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This volume is the first complete English translation and annotated study of Bartolomé de Las Casas’s important and provocative 1552 treatise commonly known as the Confesionario or Avisos y reglas. A text that generated controversy, like Las Casas’s more famous Brevísima relación, the Confesionario outlined a strikingly novel and arguably harsh use of confession for those administering the sacrament to conquistadores, encomenderos, slaveholders, settlers, and others who had harmed the indigenous people, thus using magisterial authority and jurisdictional power to promote restitution.
David Orique addresses how, from 1516 to 1547, Las Casas subscribed to and wrote about the theory and practice of the doctrine of restitution. He then presents the specific historical context of the development of the initial manuscript of the Confesionario in 1547 as Doce reglas (Twelve Rules), which later became the augmented Confesionario manuscript. Orique’s commentary on the 1552 Confesionario treatise highlights how Las Casas’s Argumento, and its approval by theologians, legitimates his work. Orique outlines the various guidelines proposed to confessors to identify, investigate, and seek restitution from offending Spaniards based on their possessions and circumstances. He also explores Las Casas’s use of the Thomistic tripartite scheme of divine, natural, and human law.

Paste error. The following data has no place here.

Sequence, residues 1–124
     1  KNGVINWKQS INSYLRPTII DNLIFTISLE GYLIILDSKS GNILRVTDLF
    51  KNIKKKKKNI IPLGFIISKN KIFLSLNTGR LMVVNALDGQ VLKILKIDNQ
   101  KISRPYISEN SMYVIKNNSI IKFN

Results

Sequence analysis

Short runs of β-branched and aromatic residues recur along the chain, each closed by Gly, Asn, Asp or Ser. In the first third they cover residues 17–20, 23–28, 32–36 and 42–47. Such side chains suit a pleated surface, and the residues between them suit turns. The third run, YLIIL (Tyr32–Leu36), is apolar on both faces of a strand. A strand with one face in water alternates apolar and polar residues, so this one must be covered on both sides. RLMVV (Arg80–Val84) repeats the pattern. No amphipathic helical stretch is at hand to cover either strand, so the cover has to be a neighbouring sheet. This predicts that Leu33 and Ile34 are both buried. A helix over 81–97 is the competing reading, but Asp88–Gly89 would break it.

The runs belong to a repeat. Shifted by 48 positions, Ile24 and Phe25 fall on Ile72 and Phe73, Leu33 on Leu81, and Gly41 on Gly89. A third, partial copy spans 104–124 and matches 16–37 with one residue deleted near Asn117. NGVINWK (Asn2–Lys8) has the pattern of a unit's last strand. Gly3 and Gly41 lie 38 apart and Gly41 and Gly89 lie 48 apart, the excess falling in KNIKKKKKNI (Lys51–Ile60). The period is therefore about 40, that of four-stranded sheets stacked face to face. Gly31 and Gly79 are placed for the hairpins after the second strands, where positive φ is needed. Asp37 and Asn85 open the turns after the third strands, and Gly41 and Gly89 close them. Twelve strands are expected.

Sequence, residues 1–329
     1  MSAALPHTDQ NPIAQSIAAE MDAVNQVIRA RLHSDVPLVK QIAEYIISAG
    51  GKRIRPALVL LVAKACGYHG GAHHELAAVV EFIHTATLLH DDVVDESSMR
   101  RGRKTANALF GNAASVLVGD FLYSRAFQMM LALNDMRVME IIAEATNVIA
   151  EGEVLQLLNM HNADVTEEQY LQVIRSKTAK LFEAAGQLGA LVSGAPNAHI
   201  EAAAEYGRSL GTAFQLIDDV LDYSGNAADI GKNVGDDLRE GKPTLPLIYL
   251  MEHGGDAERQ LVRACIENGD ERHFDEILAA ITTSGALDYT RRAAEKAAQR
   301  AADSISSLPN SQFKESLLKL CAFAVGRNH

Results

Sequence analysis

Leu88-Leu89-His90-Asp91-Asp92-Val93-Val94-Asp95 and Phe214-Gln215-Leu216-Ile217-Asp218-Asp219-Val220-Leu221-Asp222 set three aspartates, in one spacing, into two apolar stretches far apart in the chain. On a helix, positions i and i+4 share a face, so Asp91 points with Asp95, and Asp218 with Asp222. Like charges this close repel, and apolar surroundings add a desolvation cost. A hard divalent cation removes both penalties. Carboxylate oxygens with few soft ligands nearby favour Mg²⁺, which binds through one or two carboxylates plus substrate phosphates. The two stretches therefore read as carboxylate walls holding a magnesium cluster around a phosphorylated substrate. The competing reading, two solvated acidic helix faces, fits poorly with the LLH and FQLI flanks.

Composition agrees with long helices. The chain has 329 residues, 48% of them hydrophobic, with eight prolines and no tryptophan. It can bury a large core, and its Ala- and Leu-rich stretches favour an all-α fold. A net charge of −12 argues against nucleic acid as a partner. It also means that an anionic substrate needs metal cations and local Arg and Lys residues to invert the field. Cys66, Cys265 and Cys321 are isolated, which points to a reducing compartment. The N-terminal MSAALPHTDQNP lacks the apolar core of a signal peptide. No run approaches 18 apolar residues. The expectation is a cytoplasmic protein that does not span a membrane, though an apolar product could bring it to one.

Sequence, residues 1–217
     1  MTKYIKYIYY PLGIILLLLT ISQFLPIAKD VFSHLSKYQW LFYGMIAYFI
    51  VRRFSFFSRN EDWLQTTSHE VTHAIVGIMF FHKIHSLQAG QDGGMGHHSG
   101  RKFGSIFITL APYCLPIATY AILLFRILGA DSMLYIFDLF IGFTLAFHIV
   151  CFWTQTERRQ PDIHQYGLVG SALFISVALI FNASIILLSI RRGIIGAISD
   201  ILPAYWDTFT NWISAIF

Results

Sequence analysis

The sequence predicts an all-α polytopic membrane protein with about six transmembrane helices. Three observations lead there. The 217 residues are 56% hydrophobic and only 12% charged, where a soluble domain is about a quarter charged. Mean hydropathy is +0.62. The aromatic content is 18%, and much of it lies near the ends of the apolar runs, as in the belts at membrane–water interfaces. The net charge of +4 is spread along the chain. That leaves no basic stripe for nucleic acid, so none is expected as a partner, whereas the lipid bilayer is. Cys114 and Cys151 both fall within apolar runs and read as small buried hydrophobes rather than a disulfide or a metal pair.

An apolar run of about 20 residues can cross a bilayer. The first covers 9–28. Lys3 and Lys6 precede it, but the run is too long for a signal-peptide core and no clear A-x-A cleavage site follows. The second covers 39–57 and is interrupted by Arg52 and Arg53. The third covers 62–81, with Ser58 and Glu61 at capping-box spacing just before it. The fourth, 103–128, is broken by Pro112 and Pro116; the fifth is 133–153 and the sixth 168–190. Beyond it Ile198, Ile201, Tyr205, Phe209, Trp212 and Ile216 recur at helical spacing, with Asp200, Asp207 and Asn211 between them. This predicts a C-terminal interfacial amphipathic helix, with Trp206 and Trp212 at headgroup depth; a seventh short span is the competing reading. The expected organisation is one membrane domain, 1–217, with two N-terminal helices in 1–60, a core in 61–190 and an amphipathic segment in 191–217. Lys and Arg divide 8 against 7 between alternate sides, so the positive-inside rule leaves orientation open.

With insightful analysis and commentary accompanied by an eminently readable translation, To Heaven or to Hell will be especially useful to students and scholars of Latin American colonial history, early modern religion, and Catholic studies.